Thursday, January 12, 2006

"Heather is a remarkable woman" says the narrator of channel four's 'Ten Years Younger'. Reality life improvement shows often have a sinister element to them, a sense that in the first fifteen minutes of the programme the subject is being beaten down, ritually humiliated, in order that they will unquestioningly accept the advice of the minor television deity who claims to hold the key to their happiness. However, tonight's show was one of the most disturbing of this genre that I have seen. The forty-two year old subject was stripped to her bikini, revealing the extent to which years of excess weight and chain smoking have damaged her body. As she was paraded on the beach comments were invited from other holiday makers. These were relayed back to the subject, with the effect, one suspects, of creating a more pliable model for the programme maker's plans. Eventually this woman had six hours of cosmetic surgery including a stomach tuck, breast implants and lift, fat injected into her face, surgical removal of the bags under her eyes, and some 'work' on her thighs. There is no doubt that she was grateful to the programme, and to the presenter. However this does not diminish the frightening impact of the show, and introduces many puzzling questions. What exactly makes this person a 'remarkable woman'? At one point in the programme we are shown two photographs of the subject receiving degree certificates. This is certainly not the reason behind the epithet granted to her. Rather it seems she is remarkable because of her dedication to achieving the ideal image that society requires of women.

This show failed to mention any possible cons to cosmetic surgery. The pain and suffering the subject must have endured were not discussed, and instead we were granted an hour long polimic about the benefits that conforming to a physical ideal will bring to our lives. The same approach, to a less extreme degree, is adopted by the infamous Trinny and Susannah. They present the women appearing on their show with a ready made wardrobe of conformist clothing, aimed at emphasising their female attributes, and preventing them from embarrassing themselves by wearing apparently 'unsuitable' clothing for a woman of their age and shape. This programme stunts personal creativity, and reinforces the idea that women cannot be happy or successful if they do not conform to the image that society expects from them. These programmes are far from light entertainment - the participants may have agreed to be a part of them, and may be happy with the results, but nevertheless the shows perpetuate damaging images of woman as object and more generally emphasise the 'need' to conform to society's expectations in order to be happy. For a more expert article on these programmes see, and for an alternative approach to appearance check out .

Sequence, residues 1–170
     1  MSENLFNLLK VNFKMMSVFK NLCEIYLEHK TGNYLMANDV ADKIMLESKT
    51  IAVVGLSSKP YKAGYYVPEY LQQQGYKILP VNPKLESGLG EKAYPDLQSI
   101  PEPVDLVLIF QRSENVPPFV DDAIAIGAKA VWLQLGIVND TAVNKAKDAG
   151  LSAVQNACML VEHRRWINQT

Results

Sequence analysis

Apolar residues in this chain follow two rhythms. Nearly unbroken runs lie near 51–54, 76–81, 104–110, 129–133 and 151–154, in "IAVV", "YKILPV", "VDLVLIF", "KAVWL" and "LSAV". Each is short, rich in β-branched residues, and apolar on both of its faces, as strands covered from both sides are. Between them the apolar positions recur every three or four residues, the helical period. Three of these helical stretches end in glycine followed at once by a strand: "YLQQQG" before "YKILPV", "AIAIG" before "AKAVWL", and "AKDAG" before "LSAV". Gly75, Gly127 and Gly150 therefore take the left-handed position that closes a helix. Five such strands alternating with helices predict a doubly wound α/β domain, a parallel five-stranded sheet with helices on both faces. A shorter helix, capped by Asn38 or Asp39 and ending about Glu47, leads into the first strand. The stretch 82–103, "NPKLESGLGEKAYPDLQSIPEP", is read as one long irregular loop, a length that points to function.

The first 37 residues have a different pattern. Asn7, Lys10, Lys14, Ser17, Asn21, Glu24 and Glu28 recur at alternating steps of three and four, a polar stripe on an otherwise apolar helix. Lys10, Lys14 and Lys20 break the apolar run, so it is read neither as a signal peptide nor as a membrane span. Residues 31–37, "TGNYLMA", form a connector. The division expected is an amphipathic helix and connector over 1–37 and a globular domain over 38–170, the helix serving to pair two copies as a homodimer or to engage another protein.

Post a Comment

<< Home